Over the weekend I discovered Software by Rob, where Rob Walling blogs about software from the point of view of the one-person business, which he calls “micro entrepreneur.”
A series of posts there reminds me of one of the fundamental facts about starting a business that relatively few people understand: There’s a huge difference between starting a product business and starting a service business.
It’s relatively easy for an expert to start a service business. Think of the graphic artist, the landscape designer, the market researcher or the social media coach. What you need is mostly what you know. Plus a computer, an office–maybe–and, most important, clients. Even one good client will do.
With a product business, however, there’s almost always so much more involved. Design, packaging, prototypes, channels of distribution . . . it goes on and on.
Rob Walling is talking about software people and not the world in general, with his post “The Software Product Myth”, from last November.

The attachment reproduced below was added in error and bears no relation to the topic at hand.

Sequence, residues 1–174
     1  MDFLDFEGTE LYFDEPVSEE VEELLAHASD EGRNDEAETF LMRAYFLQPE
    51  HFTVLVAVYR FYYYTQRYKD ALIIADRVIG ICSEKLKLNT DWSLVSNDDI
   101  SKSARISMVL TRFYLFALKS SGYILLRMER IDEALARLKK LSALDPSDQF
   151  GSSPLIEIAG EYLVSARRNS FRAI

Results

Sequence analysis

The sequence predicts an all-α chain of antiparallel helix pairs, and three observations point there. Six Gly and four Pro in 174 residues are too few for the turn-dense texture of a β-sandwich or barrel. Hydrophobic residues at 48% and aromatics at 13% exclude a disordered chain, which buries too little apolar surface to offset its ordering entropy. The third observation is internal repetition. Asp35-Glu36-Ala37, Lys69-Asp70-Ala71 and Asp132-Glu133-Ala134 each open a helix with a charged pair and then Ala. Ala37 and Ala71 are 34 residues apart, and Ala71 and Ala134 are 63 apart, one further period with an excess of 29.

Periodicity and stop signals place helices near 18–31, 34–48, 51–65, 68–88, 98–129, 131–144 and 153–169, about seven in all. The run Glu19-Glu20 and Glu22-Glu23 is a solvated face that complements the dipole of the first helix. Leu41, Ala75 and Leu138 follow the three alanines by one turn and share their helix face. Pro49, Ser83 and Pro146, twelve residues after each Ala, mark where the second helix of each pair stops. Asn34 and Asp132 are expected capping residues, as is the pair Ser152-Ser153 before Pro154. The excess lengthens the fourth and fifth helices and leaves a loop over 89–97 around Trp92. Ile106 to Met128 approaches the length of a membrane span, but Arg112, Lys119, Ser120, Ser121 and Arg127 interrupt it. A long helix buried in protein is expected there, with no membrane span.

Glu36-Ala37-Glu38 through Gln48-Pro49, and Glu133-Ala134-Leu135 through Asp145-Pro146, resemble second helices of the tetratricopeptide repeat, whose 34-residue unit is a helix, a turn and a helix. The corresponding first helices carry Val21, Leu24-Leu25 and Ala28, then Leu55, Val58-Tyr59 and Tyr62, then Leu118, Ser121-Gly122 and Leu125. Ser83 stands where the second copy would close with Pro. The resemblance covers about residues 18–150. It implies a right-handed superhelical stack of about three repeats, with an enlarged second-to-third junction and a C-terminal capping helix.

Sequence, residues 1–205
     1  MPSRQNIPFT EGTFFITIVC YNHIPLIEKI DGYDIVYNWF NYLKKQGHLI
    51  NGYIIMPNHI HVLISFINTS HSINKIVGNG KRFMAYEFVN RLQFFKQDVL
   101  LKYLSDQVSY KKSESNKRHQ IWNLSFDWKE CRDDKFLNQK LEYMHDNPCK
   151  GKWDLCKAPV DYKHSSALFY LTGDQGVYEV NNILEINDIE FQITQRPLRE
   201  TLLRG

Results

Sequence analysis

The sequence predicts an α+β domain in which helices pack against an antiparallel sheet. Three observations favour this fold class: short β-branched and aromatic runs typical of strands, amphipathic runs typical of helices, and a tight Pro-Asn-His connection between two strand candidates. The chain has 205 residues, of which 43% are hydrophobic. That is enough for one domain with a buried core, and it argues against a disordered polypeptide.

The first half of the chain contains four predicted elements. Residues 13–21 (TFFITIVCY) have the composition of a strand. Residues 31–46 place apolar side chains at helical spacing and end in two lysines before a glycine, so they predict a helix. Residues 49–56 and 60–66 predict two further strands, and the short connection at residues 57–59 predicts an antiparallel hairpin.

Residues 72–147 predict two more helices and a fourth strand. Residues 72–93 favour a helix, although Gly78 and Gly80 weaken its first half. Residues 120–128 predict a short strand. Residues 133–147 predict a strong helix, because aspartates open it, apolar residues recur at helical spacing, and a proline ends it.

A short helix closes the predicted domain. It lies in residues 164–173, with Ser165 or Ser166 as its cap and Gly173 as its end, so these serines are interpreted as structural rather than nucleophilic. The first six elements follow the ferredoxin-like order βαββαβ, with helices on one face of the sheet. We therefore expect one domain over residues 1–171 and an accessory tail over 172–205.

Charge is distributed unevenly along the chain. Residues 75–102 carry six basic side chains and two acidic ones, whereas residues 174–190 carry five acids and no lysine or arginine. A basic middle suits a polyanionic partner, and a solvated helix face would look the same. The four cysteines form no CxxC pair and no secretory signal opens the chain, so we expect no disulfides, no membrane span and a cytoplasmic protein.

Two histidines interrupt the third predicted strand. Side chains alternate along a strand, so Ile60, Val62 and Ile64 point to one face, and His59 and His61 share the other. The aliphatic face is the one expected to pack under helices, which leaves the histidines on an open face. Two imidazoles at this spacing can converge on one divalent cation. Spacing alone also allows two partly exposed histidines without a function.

I tried to get at this in Understand the Risks, from my Hurdle: the Book on Business Planning. As you look at the chart here …
… what I was trying to show (I know, not the world’s most beautiful chart) is that the successful business offering a service, in blue, typically takes less money to start and has a smaller upside. The chart shows cumulative money–a hypothetical, conceptual chart–over time. The successful startup business offering a product, in green, takes a lot more money to start, but has more upside . . . that red line is the downside–a failed product startup business, a reminder that spending the money doesn’t mean you’ll ever get to the upside. That’s what we call risk.